Ure S Dictionary of Arts, Manufactures and Mines; Containing a Clear Exposition of Their Principles and Practice Volume 2

Ure S Dictionary of Arts, Manufactures and Mines; Containing a Clear Exposition of Their Principles and Practice Volume 2

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This historic book may have numerous typos and missing text. Purchasers can usually download a free scanned copy of the original book (without typos) from the publisher. Not indexed. Not illustrated. 1867 edition. Excerpt: ...much inferior to that round the pots. The arches are so distributed as that two of the exterior sides of the furnace stand wholly free, while the two other sides, on which the arches encroach, offer a free space of only 3 feet In this interjacent space, two principal openings of the furnace, of equal size in each side, are left in the building. These are called tunnels. They are destined for the introduction of the pots and the fuel. On looking through the tunnels into the inside of the furnace, we perceive to the right band and the left, along the two free sides, two low platforms or sieges, at least 30 inches in height and breadth. See Jigs. 896, 898. These sieges (seats) being intended to support the pots and the cuvettes filled with heavy materials, are terminated by a slope, which ensures the solidity of the fire-clay mound. The slopes of the two sieges extend towards the middle of the furnace so near as to leave a space of only from 6 to 10 inches between them for the hearth. The end of this is perforated with a hole sufficiently large to give passage to the liquid glass of a broken pot, while the rest is preserved by lading it from the mouth into the adjoining cuvette. In the two large parallel sides of the furnace, other apertures are left, much smaller than the tunnels, which are called ouvreaux (peep holes). The lower ones, or the ouvreaux en has, called cuvette openings, because, being allotted to the admission of these vessels, they are exactly on a level with the surface of the sieges, and with the floor of the halle. Plates of cast iron form the thresholds of these openings, and facilitate the ingress and egress of the cuvettes. The apertures are arched at top, with hewn stone like the tunnels, and are 18 inches wide when...show more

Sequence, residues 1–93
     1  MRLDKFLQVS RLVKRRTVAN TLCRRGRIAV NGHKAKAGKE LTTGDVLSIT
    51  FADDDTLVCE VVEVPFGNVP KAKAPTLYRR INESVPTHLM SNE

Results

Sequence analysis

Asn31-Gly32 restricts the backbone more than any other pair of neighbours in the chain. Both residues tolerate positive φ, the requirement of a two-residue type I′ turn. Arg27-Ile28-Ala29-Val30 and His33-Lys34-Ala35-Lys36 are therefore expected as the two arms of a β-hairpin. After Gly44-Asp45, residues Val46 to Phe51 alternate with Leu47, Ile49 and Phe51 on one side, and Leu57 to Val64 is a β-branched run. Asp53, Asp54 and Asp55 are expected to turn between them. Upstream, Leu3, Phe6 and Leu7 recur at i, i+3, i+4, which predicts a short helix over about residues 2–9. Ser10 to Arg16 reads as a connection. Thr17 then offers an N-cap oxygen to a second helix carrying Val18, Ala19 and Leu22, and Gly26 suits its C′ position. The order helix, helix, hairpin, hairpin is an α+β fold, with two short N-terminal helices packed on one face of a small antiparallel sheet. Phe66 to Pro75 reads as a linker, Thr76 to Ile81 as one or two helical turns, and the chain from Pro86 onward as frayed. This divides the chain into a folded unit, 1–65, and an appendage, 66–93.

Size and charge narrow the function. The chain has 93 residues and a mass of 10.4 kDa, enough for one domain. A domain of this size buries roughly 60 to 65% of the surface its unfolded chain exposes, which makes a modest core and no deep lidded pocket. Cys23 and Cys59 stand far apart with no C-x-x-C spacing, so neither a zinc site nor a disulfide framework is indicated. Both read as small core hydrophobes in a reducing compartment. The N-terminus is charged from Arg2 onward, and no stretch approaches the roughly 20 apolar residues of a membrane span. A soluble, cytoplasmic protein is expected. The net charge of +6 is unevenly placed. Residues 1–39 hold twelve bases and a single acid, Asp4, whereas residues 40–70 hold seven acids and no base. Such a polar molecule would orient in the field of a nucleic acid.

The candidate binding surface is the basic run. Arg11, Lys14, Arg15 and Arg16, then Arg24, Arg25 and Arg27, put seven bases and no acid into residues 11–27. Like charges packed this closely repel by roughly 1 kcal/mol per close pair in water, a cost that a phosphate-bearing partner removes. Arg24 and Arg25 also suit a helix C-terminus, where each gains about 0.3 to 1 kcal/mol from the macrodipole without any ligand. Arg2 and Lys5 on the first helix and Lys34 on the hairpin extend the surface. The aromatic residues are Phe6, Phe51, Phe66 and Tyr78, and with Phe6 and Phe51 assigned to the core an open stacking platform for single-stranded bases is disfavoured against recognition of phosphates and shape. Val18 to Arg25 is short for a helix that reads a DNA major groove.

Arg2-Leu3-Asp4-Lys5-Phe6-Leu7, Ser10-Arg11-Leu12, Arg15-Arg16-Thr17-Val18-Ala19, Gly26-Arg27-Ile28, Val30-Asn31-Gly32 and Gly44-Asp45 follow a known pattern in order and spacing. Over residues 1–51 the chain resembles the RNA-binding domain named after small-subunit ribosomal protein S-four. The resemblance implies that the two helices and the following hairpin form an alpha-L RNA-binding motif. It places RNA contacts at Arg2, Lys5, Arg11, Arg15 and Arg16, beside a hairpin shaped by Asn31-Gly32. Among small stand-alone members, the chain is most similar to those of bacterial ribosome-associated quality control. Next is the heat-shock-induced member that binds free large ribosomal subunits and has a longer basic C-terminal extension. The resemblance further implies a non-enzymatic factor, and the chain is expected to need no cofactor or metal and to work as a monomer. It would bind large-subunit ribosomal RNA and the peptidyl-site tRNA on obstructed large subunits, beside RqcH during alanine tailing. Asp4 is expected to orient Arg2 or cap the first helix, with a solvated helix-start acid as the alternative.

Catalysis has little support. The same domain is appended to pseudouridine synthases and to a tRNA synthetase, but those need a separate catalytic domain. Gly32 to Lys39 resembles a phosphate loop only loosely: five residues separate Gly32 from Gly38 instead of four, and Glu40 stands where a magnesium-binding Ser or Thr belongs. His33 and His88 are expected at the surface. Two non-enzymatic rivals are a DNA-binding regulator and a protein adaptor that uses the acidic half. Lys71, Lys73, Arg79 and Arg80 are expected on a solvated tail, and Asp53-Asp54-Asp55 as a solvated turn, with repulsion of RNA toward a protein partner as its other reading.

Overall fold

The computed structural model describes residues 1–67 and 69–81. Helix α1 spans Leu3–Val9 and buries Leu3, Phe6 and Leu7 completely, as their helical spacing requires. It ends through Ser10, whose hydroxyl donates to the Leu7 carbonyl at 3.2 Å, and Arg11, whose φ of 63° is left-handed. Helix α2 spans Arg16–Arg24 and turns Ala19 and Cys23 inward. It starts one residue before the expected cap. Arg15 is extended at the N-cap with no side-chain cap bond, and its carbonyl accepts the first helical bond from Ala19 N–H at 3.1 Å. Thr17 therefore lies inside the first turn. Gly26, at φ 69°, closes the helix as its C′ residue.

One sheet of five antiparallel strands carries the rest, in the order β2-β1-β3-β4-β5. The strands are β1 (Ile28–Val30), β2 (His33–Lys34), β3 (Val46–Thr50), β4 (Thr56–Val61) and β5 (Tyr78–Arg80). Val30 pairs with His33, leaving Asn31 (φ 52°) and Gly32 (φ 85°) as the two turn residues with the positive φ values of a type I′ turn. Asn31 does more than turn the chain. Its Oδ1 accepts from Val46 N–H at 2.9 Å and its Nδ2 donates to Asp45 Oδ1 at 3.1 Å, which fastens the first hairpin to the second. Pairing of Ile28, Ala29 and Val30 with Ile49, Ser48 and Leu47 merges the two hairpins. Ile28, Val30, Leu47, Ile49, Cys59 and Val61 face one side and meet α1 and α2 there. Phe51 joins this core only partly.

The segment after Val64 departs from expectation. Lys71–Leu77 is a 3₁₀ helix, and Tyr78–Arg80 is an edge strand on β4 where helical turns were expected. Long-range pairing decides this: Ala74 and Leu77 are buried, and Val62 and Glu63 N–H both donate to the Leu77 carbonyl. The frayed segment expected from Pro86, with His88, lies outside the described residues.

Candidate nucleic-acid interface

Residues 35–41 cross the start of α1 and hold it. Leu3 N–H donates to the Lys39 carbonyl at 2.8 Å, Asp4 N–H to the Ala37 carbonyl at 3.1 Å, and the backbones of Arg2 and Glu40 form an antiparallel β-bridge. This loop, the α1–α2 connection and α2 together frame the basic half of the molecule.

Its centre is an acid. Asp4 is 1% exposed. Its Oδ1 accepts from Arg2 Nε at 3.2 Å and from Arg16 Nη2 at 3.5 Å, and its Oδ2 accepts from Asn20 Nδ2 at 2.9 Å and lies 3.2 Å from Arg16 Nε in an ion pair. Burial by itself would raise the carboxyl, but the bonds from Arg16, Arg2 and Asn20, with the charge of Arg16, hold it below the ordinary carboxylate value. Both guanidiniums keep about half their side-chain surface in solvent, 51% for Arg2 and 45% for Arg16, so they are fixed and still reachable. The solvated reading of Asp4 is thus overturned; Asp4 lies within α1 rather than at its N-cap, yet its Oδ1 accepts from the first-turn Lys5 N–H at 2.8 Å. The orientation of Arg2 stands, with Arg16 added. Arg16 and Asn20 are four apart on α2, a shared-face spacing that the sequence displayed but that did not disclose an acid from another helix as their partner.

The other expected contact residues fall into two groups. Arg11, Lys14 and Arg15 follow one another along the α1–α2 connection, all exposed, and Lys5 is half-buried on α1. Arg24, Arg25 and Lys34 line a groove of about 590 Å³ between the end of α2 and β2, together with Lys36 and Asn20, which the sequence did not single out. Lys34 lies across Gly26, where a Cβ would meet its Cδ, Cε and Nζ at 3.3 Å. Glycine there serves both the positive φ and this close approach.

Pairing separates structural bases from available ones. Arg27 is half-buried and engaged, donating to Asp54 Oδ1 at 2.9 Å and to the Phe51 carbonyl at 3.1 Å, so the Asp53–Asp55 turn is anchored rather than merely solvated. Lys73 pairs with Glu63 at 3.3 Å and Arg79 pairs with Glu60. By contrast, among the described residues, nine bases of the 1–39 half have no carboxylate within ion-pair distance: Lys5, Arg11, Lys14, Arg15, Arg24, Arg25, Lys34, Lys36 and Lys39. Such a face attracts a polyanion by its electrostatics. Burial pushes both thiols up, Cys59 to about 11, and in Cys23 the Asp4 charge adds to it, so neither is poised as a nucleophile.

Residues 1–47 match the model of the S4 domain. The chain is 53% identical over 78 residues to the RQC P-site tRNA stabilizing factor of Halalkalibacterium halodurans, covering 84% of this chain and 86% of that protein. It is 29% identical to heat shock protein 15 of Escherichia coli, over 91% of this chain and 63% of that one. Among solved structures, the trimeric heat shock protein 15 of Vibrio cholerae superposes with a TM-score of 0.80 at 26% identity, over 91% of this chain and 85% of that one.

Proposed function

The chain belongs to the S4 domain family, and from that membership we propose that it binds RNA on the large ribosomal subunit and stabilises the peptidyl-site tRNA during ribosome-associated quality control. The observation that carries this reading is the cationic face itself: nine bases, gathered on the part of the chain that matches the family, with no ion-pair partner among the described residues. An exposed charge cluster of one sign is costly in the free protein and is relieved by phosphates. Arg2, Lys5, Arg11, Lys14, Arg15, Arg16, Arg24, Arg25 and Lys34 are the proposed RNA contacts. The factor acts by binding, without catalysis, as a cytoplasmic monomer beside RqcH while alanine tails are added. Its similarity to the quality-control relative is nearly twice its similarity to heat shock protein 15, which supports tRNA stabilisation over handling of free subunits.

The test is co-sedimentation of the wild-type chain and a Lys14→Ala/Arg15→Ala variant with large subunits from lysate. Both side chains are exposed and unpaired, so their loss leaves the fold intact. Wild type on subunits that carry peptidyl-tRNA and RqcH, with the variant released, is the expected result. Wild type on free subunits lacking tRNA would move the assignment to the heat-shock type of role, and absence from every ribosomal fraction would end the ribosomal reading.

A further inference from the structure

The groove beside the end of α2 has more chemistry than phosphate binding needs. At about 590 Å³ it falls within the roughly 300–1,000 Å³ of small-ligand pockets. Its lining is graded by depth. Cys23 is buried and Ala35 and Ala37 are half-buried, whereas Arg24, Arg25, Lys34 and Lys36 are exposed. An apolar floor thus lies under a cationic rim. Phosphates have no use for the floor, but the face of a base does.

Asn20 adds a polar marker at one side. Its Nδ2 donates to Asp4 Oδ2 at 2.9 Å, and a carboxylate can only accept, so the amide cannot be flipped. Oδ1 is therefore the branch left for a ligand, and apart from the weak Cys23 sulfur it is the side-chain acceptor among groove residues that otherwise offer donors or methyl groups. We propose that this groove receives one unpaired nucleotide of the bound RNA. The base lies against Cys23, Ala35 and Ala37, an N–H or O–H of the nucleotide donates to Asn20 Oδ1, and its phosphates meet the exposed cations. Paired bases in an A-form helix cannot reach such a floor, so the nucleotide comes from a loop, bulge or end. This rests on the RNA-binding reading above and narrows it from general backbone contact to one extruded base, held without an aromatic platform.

Product details

  • Paperback | 608 pages
  • 189 x 246 x 31mm | 1,070g
  • Rarebooksclub.com
  • United States
  • English
  • black & white illustrations
  • 1236742451
  • 9781236742452